Informal Work of Urban Slum Women

Topics: Poverty, Slum, City Pages: 49 (16460 words) Published: June 22, 2013
Chapter One: Introduction
1.1Background of the Study
In Khulna city, there are about 102 slums and 66 squatters. Nearly 20 percent of the total population is currently living in these slums and squatters. The number of slums is almost twice (106) the number of squatters (66). The major slum areas are Rupsha, Khalishpur and Sonadanga area. The two slums in Khulna city are selected for study areas such as Rupsha Ferighat of Rupsha, and Shekpara basti in Shekpara. The background concentrated around the general information of the study area, demographic characteristics, economic characteristics and physical growth of the study area. Rupsha slum which is the largest slum of Khulna city accommodates a large number of working women but most of work in the fish processing factories. It situated in southern side of city Centre. It is in the 22ward, total population 913–male 324, female 589, households-227.Shekpara which is adjacent with city Centre was also selected for the study in which Shekpara basti was selected as best one firstly on the basis of highest concentration of household, high percentage of job seeking women, high rate of migrant family from rural areas. It situated beside city Centre. Shekhpara situated in ward no. 21, total population 2127-male 945, female 1182, household 472(Census of slums area and floating population, 1997). Population growth of this area is very high, mainly due to rural- urban migration. There were some religious and administrative factors behind this growth. Inadequate services and facilities, lack of proper accessibility, lack of open space, which Culminate this area into a bad living environment. Most of the people engaged in informal activities and majority are illiterate. 1.2 Statement of the Problem

It is well known for many years that development activities are centered on man only and women are considered as burdens of the family. Each and every woman encounters different types of social cultural and economic exploitation and is deprived of education, health and nutrition. No nation can achieve sustainable economic development without making a proper involvement of its both male and female manpower in its economic activities. The formal and informal sector distinctions are essential to clear everyone at first. Several studies in the 70s revealed that in many third world countries, substantial proportion of the workforce is concentrated in economic activities which are insecure, do not provide full time employment and generate low income. “The term informal sector may be referred to the economic activities which have the characteristics-Non-performance and casualness, Outside the scope of existing company law or government regulations, Carried on in small scale capitalized establishment mostly relying on household labor” (ILO, 1972). Rapid growth of urban area especially cities, are so called third world countries in the 1950s and 1960s added a new dimension to the problem of unemployment and led to a growing concern for it the term informal sector designates this area of economic activities. The governments of many countries are concerned to develop policies which would remove the grosser discrimination against these workers so as to guarantee them a better income. Much of the available information on informal sector suggested that women rather than men make up the bulk of those in the sector (IDS Bulletin, July 1991).If this be the case, then it is clear that policies would have to be specifically design to benefit the working women who form a large group in the informal sector. The particular effect of changes in skill requirement on the economic participation of women in the third world countries evidence two pattern in the main as observed from case studies. These are-where women are no longer able to make an important contribution to household economy, they are often forced to migrate out of rural areas and when women are squeezed out of independent productive activities...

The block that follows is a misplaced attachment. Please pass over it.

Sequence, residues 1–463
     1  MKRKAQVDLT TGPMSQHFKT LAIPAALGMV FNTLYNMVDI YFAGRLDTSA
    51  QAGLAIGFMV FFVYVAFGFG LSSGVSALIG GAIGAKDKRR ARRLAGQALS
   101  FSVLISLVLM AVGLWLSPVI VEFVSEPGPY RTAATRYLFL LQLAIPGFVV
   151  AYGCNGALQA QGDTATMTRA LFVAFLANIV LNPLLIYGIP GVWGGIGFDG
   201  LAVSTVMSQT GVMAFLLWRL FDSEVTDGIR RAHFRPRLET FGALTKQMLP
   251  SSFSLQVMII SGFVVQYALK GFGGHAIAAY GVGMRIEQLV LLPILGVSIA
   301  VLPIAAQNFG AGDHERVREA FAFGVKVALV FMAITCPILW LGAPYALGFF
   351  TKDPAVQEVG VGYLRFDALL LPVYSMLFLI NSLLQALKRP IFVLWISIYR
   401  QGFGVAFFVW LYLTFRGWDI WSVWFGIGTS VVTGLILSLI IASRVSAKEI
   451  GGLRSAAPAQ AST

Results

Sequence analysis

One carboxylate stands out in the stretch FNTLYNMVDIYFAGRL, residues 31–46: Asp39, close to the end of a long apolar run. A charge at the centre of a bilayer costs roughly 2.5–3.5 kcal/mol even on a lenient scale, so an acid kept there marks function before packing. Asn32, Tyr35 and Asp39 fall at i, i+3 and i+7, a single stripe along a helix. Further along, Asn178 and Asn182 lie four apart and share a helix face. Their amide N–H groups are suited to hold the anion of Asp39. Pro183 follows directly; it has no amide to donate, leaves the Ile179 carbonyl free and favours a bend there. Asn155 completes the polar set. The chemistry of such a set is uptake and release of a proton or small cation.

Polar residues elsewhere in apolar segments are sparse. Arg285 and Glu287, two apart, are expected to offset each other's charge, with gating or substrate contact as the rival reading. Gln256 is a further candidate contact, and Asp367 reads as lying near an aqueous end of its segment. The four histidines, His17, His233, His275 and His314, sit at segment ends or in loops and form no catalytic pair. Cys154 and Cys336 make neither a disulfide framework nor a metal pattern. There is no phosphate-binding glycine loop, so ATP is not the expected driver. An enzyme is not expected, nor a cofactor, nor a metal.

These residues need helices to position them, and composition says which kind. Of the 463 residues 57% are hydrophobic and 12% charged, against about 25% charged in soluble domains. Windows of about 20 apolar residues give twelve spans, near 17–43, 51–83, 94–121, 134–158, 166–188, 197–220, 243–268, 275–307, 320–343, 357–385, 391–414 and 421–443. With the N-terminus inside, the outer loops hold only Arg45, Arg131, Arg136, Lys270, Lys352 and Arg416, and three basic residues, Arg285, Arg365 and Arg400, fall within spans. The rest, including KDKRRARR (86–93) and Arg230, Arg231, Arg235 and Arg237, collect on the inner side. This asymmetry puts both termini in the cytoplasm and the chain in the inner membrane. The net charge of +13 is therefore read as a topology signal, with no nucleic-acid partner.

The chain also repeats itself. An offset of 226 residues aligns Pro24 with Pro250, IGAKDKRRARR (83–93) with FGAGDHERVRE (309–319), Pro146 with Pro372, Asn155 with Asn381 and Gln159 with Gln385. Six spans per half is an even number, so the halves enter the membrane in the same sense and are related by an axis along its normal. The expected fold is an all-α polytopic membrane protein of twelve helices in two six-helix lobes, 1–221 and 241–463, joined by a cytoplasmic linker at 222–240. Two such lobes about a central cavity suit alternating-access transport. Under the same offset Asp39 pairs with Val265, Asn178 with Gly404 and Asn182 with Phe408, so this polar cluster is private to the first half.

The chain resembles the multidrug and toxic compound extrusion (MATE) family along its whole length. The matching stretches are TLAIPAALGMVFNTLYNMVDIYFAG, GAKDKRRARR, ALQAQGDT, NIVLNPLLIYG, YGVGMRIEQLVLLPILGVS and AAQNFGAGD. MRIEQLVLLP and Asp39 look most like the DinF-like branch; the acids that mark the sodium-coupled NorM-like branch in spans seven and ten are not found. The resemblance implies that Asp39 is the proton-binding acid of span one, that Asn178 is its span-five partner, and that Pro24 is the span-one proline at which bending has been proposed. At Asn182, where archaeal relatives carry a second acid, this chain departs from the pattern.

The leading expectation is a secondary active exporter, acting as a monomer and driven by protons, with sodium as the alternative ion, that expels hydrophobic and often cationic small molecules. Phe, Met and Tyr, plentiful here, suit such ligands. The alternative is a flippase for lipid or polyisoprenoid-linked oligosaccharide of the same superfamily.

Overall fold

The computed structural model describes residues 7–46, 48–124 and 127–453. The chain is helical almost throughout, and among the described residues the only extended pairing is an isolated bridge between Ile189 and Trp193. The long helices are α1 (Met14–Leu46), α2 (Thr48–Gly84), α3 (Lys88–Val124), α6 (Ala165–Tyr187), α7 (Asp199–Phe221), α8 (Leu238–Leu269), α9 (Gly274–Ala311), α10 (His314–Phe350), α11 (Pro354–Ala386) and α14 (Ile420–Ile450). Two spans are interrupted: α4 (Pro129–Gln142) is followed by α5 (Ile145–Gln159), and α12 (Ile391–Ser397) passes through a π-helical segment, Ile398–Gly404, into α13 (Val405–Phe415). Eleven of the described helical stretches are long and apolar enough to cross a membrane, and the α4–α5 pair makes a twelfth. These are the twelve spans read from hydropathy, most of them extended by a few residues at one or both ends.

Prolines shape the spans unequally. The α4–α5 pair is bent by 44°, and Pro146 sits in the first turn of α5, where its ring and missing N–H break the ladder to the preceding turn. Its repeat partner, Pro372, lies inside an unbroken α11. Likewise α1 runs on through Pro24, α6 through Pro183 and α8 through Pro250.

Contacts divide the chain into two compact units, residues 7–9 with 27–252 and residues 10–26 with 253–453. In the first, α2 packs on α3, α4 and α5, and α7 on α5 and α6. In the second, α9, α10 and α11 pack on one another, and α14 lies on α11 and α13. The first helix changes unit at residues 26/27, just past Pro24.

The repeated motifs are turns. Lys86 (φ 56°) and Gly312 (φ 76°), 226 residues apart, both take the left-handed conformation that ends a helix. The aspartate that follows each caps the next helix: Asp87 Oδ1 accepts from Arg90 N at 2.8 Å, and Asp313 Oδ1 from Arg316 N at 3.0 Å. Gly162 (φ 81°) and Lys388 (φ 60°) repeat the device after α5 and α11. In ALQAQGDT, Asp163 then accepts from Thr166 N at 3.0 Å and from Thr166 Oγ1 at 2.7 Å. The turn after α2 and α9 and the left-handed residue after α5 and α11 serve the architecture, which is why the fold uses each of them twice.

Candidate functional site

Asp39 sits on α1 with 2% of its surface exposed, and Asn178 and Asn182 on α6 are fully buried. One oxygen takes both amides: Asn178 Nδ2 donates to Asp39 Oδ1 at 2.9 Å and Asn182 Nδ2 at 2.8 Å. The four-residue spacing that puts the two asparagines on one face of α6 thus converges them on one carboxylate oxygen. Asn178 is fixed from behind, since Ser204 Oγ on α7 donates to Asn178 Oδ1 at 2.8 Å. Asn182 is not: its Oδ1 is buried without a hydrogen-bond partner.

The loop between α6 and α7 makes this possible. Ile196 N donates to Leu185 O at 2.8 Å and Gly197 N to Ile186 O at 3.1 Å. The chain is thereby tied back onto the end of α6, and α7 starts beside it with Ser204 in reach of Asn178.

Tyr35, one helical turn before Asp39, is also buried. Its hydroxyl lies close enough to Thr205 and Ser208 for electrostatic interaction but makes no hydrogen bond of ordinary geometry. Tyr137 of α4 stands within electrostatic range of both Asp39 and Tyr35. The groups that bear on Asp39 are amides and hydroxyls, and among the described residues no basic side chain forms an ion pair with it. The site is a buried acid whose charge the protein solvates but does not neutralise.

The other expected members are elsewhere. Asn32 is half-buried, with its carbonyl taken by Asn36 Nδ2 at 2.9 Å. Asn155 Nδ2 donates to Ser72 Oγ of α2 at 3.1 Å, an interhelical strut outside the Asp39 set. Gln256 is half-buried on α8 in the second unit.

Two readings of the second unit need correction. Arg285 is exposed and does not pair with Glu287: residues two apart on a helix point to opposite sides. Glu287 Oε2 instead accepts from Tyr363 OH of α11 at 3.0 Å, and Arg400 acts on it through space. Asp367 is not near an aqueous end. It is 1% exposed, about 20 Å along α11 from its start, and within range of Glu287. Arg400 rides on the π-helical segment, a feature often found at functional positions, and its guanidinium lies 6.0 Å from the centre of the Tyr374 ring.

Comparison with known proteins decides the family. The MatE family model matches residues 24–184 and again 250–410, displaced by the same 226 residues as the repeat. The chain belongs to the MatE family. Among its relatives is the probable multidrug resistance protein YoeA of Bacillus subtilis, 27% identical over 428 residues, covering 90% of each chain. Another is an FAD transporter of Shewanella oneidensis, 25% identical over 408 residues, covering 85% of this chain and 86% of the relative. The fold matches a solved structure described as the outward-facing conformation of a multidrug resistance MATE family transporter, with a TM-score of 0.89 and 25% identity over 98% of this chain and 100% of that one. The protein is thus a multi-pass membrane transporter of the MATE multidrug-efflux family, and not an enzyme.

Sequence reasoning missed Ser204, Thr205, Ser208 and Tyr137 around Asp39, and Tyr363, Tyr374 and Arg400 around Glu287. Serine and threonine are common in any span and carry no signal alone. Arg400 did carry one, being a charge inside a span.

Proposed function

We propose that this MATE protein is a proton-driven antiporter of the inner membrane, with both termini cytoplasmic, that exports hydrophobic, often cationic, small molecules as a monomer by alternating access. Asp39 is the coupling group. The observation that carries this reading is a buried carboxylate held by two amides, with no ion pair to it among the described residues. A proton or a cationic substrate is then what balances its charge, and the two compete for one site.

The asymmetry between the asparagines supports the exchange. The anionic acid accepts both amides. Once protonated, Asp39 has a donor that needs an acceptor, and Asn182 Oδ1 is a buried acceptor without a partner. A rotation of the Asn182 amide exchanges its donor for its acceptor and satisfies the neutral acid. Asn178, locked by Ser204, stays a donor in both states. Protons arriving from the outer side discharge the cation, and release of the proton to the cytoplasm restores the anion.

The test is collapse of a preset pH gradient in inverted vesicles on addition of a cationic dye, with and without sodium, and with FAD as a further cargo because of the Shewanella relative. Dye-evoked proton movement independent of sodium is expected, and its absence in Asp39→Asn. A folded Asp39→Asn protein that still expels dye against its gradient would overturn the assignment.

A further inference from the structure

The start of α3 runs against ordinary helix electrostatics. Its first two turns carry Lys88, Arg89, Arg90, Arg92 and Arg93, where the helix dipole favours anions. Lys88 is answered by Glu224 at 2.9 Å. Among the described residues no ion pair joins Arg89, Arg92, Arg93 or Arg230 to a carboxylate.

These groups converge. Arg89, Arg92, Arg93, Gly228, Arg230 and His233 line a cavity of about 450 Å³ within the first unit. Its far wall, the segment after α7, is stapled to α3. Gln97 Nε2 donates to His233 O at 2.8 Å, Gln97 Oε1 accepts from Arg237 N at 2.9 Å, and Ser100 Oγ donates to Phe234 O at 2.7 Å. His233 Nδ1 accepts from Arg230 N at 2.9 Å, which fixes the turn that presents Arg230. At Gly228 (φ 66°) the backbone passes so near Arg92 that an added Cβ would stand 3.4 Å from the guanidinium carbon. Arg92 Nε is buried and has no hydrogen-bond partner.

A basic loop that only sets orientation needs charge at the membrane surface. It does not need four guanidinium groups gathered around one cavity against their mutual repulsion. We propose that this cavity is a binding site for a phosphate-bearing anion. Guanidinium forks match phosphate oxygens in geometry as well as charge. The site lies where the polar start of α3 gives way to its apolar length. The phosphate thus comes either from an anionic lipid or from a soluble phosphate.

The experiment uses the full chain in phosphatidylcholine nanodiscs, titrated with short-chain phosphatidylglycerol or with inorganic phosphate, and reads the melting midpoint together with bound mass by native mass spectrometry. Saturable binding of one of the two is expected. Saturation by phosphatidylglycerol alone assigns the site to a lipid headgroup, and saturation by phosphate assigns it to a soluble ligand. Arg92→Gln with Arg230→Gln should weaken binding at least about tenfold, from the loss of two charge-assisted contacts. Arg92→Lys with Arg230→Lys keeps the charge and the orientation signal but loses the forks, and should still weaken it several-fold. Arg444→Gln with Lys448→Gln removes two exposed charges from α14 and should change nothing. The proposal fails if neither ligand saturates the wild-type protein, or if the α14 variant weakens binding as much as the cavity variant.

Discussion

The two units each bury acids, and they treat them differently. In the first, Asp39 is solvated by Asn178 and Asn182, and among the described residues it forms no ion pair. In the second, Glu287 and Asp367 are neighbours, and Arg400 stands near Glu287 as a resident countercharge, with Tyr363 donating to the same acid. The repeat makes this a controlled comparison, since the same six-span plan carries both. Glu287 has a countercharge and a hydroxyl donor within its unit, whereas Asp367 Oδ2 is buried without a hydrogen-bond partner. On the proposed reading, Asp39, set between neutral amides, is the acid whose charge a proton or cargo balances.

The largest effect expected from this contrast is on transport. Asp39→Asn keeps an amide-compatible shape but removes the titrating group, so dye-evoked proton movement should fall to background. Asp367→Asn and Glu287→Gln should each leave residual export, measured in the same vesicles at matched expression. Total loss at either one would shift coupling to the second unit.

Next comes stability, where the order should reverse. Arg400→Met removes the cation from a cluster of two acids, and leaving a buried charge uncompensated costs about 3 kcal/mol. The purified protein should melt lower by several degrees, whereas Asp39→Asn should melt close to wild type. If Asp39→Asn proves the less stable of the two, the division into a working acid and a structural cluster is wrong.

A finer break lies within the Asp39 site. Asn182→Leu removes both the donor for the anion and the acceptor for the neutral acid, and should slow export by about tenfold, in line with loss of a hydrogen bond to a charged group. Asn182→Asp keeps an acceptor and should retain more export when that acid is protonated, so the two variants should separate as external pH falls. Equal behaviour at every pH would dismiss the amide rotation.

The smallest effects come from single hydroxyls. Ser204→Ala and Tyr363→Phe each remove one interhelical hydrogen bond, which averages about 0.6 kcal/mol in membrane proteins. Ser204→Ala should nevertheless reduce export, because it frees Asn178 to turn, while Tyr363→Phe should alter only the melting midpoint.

References: Ahmed, S. 1993. Self Employed Small Entrepreneurs of the Informal Sector in Dhaka City. National Foundation for Research on Human Resource Development, Dhaka
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Bangladesh Bureau of Statistics. 1991. Bangladesh Bureau of Statistics, Statistic Division. Ministry of Planning, Bangladesh
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Census of slums area and floating population, 1997.Vol-1
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Khunderkar,N. 1989. ____.Technology, Adaptation and Innovations in the Informal sector of Dhaka City
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